To side-step in genre a little bit we also need look no further for the master-class in this phenomenon with our Tolkienite/Tolkienistas. There's a frankly gigantic culture of female fans for The Hobbit and Lord of the Rings, novels with virtually (literally in the case of Hobbit) ZERO female characters. It's an absolute boy's club of stories, but I'd argue there are far more female devotees than male.

    So that women can identify with male characters far easier seems pretty inarguable. Those of us males who can do the reverse are absolutely the exception to the rule.

    But I believe it has its roots in some very basic historical contexts. The first is the age old writer's rule of "Write what you know." Writing that rings true is almost always superior writing, and is rewarded by devoted fandom even if it's lopsidedly gender-specific. And historically speaking, when it came to writing about command structures, slightly military, hell, even just general science basis to science-fiction writing, women had a massive handicap.

    Luckily this dilemma seems to be bettering itself naturally along with massive increases in women's rights, or generally the fact that women are advancing and leaving men (except for the most established, entitled men) in the dust as far as career achievement, intelligent thought and societal importance.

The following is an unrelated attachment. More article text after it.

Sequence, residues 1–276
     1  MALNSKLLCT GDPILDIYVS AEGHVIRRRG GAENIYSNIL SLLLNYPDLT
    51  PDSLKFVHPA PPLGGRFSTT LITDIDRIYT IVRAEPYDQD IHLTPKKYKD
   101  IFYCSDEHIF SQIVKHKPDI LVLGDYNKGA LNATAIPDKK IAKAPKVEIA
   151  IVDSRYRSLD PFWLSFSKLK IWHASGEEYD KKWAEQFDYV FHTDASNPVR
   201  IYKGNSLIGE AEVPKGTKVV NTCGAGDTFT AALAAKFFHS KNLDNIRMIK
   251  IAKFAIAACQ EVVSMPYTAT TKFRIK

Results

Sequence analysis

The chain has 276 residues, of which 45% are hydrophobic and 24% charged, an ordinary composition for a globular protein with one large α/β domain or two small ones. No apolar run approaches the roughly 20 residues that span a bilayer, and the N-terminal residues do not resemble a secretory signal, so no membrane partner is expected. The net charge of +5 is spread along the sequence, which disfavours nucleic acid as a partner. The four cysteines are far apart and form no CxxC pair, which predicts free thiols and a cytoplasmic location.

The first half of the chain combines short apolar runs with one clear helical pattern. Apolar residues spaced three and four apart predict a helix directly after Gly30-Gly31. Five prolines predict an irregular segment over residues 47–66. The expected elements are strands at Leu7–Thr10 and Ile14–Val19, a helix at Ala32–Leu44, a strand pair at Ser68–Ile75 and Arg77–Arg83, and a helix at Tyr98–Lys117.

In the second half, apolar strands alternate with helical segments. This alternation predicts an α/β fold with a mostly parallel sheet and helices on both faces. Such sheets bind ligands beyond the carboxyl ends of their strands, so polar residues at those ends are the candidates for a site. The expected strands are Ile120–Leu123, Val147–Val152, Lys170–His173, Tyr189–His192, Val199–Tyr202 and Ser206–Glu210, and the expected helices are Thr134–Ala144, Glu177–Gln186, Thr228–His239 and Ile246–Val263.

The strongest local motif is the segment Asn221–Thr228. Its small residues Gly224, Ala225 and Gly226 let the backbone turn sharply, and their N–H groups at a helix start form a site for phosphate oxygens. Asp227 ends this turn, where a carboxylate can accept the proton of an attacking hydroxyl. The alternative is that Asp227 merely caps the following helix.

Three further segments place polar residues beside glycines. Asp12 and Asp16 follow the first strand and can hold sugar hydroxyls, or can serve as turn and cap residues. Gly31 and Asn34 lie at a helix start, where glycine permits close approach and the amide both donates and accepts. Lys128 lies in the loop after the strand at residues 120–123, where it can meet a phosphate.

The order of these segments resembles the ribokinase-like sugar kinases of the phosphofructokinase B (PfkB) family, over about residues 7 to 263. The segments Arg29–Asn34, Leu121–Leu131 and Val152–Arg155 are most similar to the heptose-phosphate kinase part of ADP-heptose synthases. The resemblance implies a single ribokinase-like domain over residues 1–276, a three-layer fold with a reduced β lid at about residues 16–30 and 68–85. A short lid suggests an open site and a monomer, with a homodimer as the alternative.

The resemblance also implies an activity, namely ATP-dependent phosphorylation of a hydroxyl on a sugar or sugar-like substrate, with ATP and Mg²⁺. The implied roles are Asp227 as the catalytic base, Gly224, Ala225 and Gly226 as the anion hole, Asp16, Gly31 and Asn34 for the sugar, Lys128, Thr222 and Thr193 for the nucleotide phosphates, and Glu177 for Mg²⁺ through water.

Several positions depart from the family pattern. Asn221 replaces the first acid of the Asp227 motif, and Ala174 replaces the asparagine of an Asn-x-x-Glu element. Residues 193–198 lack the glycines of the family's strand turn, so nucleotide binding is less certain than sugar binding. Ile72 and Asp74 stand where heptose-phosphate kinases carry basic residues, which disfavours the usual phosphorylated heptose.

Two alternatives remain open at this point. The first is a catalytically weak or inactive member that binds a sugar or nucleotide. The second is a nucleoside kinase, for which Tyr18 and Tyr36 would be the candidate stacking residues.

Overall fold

The younger generations of women don't seem to fall prey to this – in fact, if I look at most of the fiction I read, it's youngish men, between 20 and 40, who fall prey to it the worst and whose writing suffers and is constantly criticized as being … 'bad fan-fiction'. My sister is at age 26 a professional writer and writing professor, and I can say that in all the years I've been her primary editor and proof-reader, the amateur mistakes associated with the Mary Sue trope have never been one of her faults.

    Dear god I can't wait for detailed discourse about Jadzia, though. And for that matter, Garak, Sisko, Kira, the O'Briens, f***, the entire DS9 ensemble.

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  6. Josh Marsfelder
    January 15, 2014 @ 6:22 pm